The baseline characteristics of the patients, their lesions, and the final results are listed in Tables 1 and 2. Aspiration was successful in all patients in both groups. Final TIMI 3 flow was achieved in 86.7% of patients with the new method and in 88.9% of patients with the conventional method. Stent deployment was successful in all cases of both procedures without the use of a buddy wire.
With the new PS system method using a 5 Fr GC, significant reductions were realized in distal protection time, fluoroscopy time, total procedure time and total amount of dye used compared with the standard PS procedures (Figures 4 and 5).
No coronary dissections were caused by the protection balloon or the deep-seated guiding catheter. The PCI procedure was successful for all patients in this study. There was no significant difference in maximum CPK, ejection fraction and end-diastolic volume index by left ventriculography 2 weeks after the PCI (Table 3).
The complication rates are listed in Table 4. The only major complication was low-output syndrome in 1 patient who underwent the standard PS procedure and died from this complication.
We report here a new method of use of the PS with a 5 Fr GC. This method reduced procedure time, distal occlusion time, fluoroscopy time and volume of contrast media required. The PS system provides good distal protection due to the balloon’s ability to provide complete occlusion and offers better trackability than filter protection devices. However, the following problems are associated with the PS system: low manipulability and operability of the GuardWire; damage caused to peripheral vessels by the protection balloon; need for a large guiding catheter (≥ 7 Fr) to be used as an export aspiration catheter; inability to collect large thrombi due to the narrow catheter lumen; low aspiration power of the Export catheter; complexity of the PS procedure; steep learning curve; and long ischemic times.
By using a 5 Fr guiding catheter for aspiration, we demonstrated that this approach resolved some of the problems associated with the conventional PS procedure. Since we have eliminated the need to exchange a balloon for an aspiration catheter, the ischemic time was shortened and the procedural techniques were simplified. Furthermore, removal of debris and thrombi was better facilitated because the cross-sectional area of the 5 Fr GC is twice that of an aspiration catheter. This new method does not require an aspiration catheter, which costs about $800 (U.S.) in Japan, and thus offers a considerable financial advantage.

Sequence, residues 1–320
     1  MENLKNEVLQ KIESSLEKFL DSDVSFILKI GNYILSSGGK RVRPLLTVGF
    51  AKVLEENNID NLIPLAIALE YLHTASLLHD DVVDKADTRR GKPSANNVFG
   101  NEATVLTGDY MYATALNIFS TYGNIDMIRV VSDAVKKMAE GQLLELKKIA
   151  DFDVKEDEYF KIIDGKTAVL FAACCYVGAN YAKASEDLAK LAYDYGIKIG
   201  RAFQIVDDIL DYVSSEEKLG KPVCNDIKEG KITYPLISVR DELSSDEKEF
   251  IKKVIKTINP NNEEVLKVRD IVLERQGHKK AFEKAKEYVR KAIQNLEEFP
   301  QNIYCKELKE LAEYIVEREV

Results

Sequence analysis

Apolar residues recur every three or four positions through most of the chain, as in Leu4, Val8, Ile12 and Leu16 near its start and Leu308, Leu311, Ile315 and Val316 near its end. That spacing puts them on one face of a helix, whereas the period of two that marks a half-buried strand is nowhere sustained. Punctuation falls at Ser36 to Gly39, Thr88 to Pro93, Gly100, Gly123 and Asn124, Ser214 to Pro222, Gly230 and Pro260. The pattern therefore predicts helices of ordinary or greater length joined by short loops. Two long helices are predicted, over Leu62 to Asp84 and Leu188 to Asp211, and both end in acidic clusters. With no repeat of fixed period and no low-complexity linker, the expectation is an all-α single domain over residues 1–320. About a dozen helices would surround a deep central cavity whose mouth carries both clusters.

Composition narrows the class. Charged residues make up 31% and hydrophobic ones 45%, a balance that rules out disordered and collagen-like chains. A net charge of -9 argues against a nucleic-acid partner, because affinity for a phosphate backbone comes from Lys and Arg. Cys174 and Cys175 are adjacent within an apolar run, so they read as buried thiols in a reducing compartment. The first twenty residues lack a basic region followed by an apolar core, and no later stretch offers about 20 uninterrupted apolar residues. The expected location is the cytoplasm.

PCI via the radial approach can alleviate postoperative restraint, even in cases of AMI, and it is associated with a lower incidence of hemorrhagic complications. Thus, it has been reported that PCI via the radial approach contributed to earlier patient discharge.7 However, radial artery occlusion is a limitation of this approach since the ratio of radial artery diameter to sheath diameter is an important factor in predicting radial artery occlusion.8 Using a small 5 Fr sheath avoids radial artery occlusion and is therefore another advantage of this new method.
Some physicians have expressed concern that PCI with a 5 Fr guiding catheter might reduce success rates due to its weak backup power. The physics of guiding catheters have demonstrated that backup force is determined by guiding catheter size, the angle between the guiding catheter and the aorta, and the friction between the guiding catheter and the aorta.9 However, our experience and a review of the literature show that these limitations could be overcome. In fact, some studies have found that the success rate for PCI was similar or even higher with a 5 Fr catheter than with a 6 Fr catheter.10
There are some limitations to this new method. It cannot be applied when deep engagement of a guiding catheter is anatomically difficult because of sharp bending or tortuosity in the coronary artery or a severe stenosis proximal to the culprit lesion or thrombus. Actually, we did not perform this method in the circumflex artery during this study because of the typically wide angles of the left main trunk and circumflex artery. It may however be feasible in circumflex arteries if the anatomical angle is suitable.
Recent studies have shown that the efficacy of distal protection in patients with AMI is questionable.11 This study targets acute coronary syndrome target patients because it was designed and performed before the publication of the EMERALD study. However, this new method can be applied to PCI in vein grafts, where the safety and feasibility of distal protection have already been established. Furthermore, vein grafts are an easier target for this new method since they are straighter and less tortuous than native coronary arteries.
In conclusion, this new method of use for the PS system utilizes the advantages of a slender and flexible 5 Fr guiding catheter as an aspiration catheter and increases the versatility of this system.